The sense of mission keeps me going
When I was still a college student, I participated in volunteer activities focusing on leprosy patients. We went to the leprosy rehabilitation village, communicated with the convalescents, understand their previous and current disease situations, and social views on them, and transmitted real information to the outside world, so that more people can pay attention to and understand this group of people. In fact, leprosy convalescents are not infectious, but a lot of people still stay away from them. People's fear of and prejudice against leprosy comes from their ignorance about it. My family members are no exception. They did not support me to participate in such voluntary activities at that time.
But for me, I believe that I am doing something valuable to the leprosy patients and the society. This sense of mission always makes me stick to my choice and believe that I can face and overcome any other difficulties.
The place to Work
Mutual help makes career development unlimited
I officially joined Roche less than half a year ago. My career at Roche since my internship has not always been smooth.
As the graduation was drawing near, there was no vacancy in my product group where I worked as an intern. In order to stay at Roche for long-term development, I applied to transfer to the transplant immune team. Changing to another product group and disease area is a big challenge, especially for a novice in the industry. Facing the approaching job transfer interview, I had no idea what questions the interviewers would ask, whether my experience was rich enough, and where I should start to learn new product knowledge. All kinds of uncertain questions flashed through my mind.
However, after learning that I was going to transfer to another team for interview, my former tutors and team members all extended their help and arranged a "simulated interview" for me. After work, they helped me improve my PPT presentation skills and sort out product knowledge, taught me interview skills, and even helped me list the problems that might arise in the interview and discussed them with me one by one.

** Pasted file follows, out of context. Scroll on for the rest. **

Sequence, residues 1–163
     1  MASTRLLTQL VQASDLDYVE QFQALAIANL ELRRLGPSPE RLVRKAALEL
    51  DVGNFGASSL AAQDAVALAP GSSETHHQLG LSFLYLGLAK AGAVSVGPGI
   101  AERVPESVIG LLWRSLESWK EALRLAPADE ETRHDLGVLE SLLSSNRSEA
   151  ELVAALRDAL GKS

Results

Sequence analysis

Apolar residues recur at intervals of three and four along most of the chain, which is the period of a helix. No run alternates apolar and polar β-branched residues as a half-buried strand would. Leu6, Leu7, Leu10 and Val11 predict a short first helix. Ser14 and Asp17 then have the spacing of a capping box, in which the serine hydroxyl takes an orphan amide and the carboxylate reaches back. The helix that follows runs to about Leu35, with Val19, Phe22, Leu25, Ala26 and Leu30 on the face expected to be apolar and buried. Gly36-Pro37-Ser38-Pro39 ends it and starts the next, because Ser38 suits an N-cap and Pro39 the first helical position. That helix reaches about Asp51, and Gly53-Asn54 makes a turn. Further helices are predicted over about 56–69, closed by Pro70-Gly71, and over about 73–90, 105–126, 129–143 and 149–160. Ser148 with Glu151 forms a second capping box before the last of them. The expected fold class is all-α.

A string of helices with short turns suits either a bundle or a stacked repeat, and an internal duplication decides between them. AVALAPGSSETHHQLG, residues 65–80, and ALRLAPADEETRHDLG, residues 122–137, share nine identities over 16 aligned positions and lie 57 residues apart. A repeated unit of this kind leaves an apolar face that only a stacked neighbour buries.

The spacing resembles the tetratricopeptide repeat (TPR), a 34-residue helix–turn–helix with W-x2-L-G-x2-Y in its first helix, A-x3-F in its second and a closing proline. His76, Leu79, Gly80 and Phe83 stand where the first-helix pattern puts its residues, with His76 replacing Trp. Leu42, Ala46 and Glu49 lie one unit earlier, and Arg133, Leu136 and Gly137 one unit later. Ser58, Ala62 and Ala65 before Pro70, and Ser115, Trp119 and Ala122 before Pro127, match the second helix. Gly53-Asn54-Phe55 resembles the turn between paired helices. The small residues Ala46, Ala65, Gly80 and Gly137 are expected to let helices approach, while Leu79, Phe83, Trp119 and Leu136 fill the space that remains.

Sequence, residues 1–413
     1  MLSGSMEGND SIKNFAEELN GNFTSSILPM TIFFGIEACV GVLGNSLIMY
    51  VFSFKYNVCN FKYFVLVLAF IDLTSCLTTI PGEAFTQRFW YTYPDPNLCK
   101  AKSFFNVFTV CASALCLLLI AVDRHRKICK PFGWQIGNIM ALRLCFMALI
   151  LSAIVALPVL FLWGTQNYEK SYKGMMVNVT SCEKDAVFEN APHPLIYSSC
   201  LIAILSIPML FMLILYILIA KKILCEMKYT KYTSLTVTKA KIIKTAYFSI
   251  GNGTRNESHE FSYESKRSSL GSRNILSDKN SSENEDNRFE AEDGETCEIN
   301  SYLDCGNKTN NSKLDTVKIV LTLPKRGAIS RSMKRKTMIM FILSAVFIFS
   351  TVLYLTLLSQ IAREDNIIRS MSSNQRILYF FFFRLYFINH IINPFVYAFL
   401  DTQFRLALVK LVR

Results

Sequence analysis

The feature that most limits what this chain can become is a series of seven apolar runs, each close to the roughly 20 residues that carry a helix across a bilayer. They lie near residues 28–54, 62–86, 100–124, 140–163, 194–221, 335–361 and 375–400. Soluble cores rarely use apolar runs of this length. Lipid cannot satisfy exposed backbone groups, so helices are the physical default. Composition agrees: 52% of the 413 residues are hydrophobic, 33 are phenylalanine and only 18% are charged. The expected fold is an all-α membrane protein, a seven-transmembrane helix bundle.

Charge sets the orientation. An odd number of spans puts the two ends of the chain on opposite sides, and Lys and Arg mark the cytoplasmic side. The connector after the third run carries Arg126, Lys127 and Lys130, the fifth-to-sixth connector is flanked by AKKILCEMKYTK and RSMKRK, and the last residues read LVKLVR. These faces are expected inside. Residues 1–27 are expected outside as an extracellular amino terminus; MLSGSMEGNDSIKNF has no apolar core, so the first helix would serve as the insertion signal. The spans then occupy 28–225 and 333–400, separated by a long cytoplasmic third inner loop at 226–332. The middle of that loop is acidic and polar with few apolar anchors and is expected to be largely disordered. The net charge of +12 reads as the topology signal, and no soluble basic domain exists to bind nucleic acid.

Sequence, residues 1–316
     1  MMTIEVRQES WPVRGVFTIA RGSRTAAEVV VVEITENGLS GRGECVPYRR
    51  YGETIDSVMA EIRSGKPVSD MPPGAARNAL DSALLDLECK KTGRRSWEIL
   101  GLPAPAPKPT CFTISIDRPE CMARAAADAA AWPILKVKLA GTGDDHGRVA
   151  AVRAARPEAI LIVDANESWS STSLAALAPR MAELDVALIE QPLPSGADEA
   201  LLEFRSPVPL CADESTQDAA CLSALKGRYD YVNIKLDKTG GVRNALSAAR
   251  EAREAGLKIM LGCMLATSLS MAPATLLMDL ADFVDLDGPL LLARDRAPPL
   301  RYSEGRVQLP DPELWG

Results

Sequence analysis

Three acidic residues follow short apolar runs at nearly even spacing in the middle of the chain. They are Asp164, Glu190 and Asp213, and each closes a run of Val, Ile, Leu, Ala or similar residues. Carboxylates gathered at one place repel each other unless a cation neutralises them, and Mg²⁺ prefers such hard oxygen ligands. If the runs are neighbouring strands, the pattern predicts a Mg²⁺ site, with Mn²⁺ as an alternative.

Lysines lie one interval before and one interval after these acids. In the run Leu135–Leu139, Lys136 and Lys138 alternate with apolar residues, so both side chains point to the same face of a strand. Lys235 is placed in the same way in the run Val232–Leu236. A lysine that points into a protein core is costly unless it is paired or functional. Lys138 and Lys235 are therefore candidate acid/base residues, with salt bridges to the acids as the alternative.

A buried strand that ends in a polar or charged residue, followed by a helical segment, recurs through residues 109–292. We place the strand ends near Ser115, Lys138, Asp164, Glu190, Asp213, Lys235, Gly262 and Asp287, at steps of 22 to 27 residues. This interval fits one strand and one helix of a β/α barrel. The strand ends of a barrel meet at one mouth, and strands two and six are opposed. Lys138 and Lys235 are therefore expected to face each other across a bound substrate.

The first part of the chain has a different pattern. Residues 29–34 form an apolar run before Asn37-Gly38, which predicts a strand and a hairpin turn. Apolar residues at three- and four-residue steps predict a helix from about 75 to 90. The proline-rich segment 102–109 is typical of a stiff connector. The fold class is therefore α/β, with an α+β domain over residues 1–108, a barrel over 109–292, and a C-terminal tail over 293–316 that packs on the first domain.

Fault-tolerant, open and inclusive environment
It was not easy for me, a graduate fresh out of college, to start my career in the pharmaceutical industry. I had to learn from scratch customer management, product- and disease-related knowledge, industry status, medicine and product strategy, etc. I often made mistakes and got confused.
However, thanks to Roche’s fault-tolerant, open and inclusive environment, I, a new employee at the workplace, successfully overcame the difficulties in starting, understood the products and market step by step, and found a suitable growth rhythm. In spite of the fact that I was a new employee, my team members would not ask me to do basic business, question my ability or scold me for my mistakes. Instead, they would patiently answer my questions about product information, help me analyze the reasons for the clinical challenges encountered at work, and find out the problems and tell me how to solve similar problems. During the COVID-19 epidemic this year, we made no progress in some projects and got no data, but my manager still encouraged and supported us to make some new attempts, and taught us how to adjust the direction of our work and make breakthroughs in difficulties.
If the experience at the workplace is a game requiring constant progress, Roche’s "novice mode" is the best choice for new comers. Here at Roche I have a group of like-minded partners working together with me, have access to rich resources which lay a solid foundation for my career, and a platform with broad prospects where I can give full play to my ideas and inspirations. Roche is a people-oriented company, where career development is always in your own hands. Once you have a goal, the help you need will follow.